By Andi C. Buchanan
Published April 2022
I’ll jump straight into the blurb: Morgan has created a home for herself in what remains of a once-grand estate, now a dilapidated house surrounded by townhomes. But it’s perfect for its occupants – a group of neurodivergent friends who, like the house, don’t quite fit into modern society. In addition to being a refuge for people, the house is a place where ghosts are safe and respected. Morgan and her crew welcome all ghosts who need a sanctuary and do their best to keep the ghost hunters out.
Everything goes haywire when a stranger drops off a crate of bottled ghosts and Morgan unwittingly releases an evil entity known as the Ghost Eater. Not only are the ghosts in danger, but so are Morgan’s corporal family.
There was a lot to love about this book. The way the occupants of the house built a life for themselves that worked for their own particular issues and quirks, and for the way that ghosts are treated with the same respect afforded to the living. The theme of found family was well presented and beautiful.
I also appreciated that this novel was written from Morgan’s point of view. I’m not sure if it’s a coincidence that I’ve read several novels lately presented from a neurodivergent point of view or if it’s becoming more prevalent, but I appreciate the opportunity to widen my own perspective.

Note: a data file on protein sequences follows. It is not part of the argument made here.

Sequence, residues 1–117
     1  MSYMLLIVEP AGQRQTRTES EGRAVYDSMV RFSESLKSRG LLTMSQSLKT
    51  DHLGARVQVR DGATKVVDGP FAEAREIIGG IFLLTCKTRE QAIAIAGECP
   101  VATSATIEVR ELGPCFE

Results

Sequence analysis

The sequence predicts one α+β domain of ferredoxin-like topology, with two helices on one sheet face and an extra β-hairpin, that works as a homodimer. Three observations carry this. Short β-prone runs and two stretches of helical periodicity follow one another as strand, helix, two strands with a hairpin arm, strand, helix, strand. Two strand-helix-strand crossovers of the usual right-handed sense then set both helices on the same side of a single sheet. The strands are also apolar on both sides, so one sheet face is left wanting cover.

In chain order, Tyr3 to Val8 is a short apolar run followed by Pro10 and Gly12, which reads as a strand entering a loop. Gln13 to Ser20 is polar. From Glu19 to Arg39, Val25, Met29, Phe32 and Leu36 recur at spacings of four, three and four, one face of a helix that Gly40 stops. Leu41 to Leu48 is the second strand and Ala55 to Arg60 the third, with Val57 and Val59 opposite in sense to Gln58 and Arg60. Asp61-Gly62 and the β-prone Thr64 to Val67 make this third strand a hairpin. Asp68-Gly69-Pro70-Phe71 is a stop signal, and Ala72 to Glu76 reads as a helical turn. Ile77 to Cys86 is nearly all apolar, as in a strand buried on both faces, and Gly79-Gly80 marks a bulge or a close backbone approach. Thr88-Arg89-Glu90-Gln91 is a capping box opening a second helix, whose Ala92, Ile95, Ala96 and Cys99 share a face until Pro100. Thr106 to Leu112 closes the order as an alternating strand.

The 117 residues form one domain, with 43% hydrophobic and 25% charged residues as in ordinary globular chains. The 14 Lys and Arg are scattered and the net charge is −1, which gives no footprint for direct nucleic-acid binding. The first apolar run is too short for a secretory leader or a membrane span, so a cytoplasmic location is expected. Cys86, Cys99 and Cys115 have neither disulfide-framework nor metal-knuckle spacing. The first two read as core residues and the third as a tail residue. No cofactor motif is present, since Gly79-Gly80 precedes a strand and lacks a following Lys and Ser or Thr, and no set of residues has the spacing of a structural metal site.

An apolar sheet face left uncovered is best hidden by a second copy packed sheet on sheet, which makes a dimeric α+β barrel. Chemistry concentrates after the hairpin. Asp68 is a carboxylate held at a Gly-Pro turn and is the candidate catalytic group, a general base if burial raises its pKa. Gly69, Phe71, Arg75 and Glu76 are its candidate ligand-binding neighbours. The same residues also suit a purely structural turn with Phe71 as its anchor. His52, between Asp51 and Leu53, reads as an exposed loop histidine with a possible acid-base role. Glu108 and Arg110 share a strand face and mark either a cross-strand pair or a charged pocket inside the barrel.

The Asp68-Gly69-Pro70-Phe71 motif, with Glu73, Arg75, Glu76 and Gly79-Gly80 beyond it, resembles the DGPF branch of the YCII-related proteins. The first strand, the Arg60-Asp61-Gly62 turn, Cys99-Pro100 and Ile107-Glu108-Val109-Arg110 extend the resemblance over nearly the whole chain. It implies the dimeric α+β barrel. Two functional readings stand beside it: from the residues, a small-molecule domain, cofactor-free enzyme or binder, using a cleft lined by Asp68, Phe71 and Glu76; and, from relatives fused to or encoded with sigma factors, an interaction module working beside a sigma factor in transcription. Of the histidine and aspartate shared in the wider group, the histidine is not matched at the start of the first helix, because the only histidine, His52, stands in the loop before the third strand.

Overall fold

One of the things I had issues with was, oddly, the point of view. Often, Morgan went into her own head and I read how she perceived events rather than the author showing the said events. For example, important dialogue would take place and I’m told how Morgan reacts to it, but the actual dialogue isn’t provided so I wasn’t able to make up my own mind about what was happening. This was particularly problematic during the main fight scene – I couldn’t follow the action because the narrator kept dipping into her own thoughts rather than showing in a coherent fashion what was happening. It made for a disjointed and unmemorable scene.
Lastly, there were so many characters (both corporeal and ghosts) that they were hard to keep track off. Once they’d all been firmly established, the author didn’t flesh the living occupants out beyond their disabilities. I wondered if a few couldn’t have been combined and presented beyond a surface level.
This was an enjoyable story but I felt the execution fell short. I rated it 2.5 stars. ⭐⭐+
Thank you to BookSirens for providing the ARC of this novel. I’ve left my review voluntarily and honestly.
Until next time, thank you for visiting.
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